NATO says Afghan expansion on track despite attacks
BRUSSELS, June 6 (Reuters) NATO defence ministers who meet in Brussels on Thursday will give final blessing to alliance plans to nearly double peacekeeping troops in Afghanistan despite mounting violence there, officials said.
The 26-nation body is due to raise troop levels to some 17,000 from 9,000 and replace existing US-led operations in the perilous south by late-July, giving the United States the scope to wind down its forces.
''It comes as no great surprise that NATO forces will be challenged in the south. We are creating the conditions for stability there and a number of people don't want that,'' NATO's Assistant Secretary General for Defence Policy and Planning John Colston told a news briefing today.
''Defence ministers are confident they have the right plan, the right forces properly equipped and the right rules of engagement to undertake the job,'' he said, adding there were no plans to review existing military planning for the expansion.
Recent months have marked the bloodiest period in an insurgency that has been raging since US-backed forces ousted a Taliban government in 2001.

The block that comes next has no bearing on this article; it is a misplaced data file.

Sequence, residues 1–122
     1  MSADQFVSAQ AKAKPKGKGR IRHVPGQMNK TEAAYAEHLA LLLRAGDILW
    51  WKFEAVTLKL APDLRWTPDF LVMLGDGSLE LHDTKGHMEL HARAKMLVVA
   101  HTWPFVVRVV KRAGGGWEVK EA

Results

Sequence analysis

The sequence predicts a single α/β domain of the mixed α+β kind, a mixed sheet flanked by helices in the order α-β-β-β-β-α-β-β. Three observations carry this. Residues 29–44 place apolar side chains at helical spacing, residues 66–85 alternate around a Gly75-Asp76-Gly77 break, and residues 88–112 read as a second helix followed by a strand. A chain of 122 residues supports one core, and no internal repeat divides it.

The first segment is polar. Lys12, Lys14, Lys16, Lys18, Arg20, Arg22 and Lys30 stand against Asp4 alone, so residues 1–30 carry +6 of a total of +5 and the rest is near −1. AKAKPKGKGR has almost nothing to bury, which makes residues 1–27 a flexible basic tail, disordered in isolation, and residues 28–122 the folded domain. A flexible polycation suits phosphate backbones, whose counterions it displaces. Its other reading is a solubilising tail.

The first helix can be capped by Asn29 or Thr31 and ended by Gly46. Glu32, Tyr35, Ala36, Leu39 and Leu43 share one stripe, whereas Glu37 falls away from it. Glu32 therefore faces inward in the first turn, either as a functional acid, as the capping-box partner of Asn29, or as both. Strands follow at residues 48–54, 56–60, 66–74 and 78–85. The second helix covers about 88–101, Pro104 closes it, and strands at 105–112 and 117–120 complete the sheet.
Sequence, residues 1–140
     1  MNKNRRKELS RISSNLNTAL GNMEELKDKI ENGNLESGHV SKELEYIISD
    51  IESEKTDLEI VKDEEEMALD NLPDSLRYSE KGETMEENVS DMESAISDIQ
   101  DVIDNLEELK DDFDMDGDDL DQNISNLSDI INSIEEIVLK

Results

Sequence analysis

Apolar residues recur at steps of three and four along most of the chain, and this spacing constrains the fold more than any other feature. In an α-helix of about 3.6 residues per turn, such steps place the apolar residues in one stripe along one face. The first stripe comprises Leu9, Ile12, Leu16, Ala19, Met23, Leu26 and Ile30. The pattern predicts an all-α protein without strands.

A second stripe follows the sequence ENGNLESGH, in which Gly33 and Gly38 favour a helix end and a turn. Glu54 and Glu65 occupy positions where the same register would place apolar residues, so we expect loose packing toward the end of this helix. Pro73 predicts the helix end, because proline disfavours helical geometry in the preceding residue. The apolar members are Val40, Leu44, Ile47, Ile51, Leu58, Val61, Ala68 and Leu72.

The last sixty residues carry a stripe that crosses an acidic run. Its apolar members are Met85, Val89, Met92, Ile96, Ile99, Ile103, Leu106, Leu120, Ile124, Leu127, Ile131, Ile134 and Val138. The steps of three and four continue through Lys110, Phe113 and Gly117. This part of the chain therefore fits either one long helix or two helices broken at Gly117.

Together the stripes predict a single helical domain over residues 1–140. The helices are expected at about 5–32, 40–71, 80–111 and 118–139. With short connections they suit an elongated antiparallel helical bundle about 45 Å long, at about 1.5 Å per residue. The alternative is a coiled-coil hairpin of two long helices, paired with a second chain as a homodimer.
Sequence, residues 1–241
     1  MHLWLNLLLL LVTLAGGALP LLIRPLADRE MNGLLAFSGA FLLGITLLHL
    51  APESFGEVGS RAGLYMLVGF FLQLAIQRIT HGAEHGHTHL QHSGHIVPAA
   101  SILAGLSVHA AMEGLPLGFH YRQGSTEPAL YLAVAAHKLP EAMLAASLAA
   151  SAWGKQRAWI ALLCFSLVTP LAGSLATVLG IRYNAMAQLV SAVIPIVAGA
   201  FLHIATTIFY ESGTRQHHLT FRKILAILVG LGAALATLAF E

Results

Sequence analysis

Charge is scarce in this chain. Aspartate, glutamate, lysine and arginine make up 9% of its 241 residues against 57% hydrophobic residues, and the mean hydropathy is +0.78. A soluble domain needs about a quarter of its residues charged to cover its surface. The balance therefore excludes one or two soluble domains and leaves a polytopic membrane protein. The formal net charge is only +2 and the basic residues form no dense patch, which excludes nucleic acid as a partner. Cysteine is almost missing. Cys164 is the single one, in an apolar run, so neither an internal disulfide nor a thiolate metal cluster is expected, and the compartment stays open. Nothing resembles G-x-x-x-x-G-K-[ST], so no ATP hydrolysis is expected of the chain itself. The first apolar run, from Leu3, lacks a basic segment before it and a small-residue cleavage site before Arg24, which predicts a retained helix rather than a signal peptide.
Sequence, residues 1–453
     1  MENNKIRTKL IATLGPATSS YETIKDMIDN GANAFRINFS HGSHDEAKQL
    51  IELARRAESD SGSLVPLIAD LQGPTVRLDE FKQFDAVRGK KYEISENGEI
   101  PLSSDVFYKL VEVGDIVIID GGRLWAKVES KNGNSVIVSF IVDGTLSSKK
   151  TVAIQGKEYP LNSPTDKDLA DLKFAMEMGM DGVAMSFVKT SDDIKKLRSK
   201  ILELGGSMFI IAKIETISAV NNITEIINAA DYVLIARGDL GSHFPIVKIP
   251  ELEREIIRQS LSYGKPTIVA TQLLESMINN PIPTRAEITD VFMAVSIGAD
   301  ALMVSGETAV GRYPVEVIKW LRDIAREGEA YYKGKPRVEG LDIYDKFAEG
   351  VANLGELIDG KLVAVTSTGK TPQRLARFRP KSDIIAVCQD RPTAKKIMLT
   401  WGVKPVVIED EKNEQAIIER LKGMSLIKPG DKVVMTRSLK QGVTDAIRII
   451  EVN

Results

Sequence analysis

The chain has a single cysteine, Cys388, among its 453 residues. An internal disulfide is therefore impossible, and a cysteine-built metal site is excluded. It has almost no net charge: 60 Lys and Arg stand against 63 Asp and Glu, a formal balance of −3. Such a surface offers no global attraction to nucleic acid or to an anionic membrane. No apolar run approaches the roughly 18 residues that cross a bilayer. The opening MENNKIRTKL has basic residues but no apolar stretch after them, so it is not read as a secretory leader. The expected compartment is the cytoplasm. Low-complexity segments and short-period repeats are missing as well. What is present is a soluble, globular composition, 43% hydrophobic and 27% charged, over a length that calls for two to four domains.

Some 400 people were killed last month alone, as the Taliban stepped up attacks in the south in an apparent attempt to weaken the resolve of NATO governments. Three US soldiers were wounded today in an attack by a teenage suicide bomber on their convoy in southeast Afghanistan.
Britain, Canada and the Netherlands are due to lead the deployment to the south, which includes Afghanistan's main opium-growing region and most dangerous territories.
The NATO expansion will take the numbers of foreign soldiers in Afghanistan to around 30,500 by July and August, the highest level since the US-led forces overthrew the Taliban.
NATO is already present in the capital Kabul, the west and north of the country and expects to extend its coverage to the east by the end of the year, putting it in charge of all peacekeeping operations.
However diplomats said there was still no agreement on when exactly that could happen, with many allies wanting to see how the expanded mission in the south went.
Reuters DKS GC1945